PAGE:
Dispatches from Orchestra of the Age of Enlightenment’s pub crawl

Posted on: February 7, 2012

Monday (2/6) on the Guardian online, Maggie Faultless writes, “The ‘rules’ of concert-going today—sit still, keep quiet, concentrate, only applaud at the end of a piece—often make us feel uncomfortable, and produce a less than authentic experience. And, of course, the other way most of us tend to listen to music—on headphones, sealed into our private own world—would be similarly incomprehensible to composers, musicians and audiences of previous centuries. … The Orchestra of the Age of Enlightenment—where I’m joint leader—are mid-way through something a little unusual. We’re out on the road on tour, but rather than concert halls, our venues are London pubs. Our aim is to put the social back into music. The music that we’re playing—Purcell, from the 17th century and Italian chamber music from the 18th—was after all, written to be played in domestic settings, not to a hushed, seated and reverential audience. We’re including some of Purcell’s drinking songs, songs that would have been played in London pubs just like this, where his audience wouldn’t have been sitting quietly—on the contrary!”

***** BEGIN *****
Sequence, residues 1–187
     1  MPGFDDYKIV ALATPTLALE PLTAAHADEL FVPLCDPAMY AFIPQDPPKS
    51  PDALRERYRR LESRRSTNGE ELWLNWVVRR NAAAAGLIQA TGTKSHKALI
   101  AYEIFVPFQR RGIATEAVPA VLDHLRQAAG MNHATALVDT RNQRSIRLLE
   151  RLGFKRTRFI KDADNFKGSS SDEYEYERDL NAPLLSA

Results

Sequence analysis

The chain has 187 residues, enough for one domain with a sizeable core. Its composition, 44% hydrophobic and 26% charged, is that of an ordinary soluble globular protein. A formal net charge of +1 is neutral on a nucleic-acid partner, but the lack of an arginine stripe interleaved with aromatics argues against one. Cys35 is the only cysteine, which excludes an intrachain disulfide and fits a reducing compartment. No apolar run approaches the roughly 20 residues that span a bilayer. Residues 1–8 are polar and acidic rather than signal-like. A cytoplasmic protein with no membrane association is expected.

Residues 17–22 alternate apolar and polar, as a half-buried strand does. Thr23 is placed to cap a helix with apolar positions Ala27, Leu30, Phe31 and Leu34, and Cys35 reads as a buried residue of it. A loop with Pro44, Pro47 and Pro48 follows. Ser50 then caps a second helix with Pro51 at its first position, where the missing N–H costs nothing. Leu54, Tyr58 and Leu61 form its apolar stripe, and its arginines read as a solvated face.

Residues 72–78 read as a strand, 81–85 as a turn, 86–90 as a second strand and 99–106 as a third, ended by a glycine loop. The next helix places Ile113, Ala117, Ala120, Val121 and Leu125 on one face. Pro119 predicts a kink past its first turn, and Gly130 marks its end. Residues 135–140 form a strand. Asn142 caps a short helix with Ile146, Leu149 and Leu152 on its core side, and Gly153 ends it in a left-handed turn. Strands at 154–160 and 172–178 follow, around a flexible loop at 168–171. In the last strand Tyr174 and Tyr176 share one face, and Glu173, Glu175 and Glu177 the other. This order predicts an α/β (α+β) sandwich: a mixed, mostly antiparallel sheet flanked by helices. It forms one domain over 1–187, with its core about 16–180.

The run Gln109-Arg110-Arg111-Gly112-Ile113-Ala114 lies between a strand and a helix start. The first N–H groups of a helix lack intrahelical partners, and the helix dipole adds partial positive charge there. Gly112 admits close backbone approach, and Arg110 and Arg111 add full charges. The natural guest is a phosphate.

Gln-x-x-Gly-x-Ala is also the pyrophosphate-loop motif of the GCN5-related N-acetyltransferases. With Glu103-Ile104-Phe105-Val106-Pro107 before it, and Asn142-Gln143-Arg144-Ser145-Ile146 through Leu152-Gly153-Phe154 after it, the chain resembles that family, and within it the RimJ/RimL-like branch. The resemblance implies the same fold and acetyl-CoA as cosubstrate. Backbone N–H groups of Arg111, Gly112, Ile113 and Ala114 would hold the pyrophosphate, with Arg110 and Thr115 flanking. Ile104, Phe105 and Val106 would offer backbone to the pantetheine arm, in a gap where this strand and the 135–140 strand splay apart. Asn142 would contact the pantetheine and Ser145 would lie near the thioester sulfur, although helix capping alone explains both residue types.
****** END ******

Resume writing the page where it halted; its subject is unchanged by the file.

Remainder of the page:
Posted February 7, 2012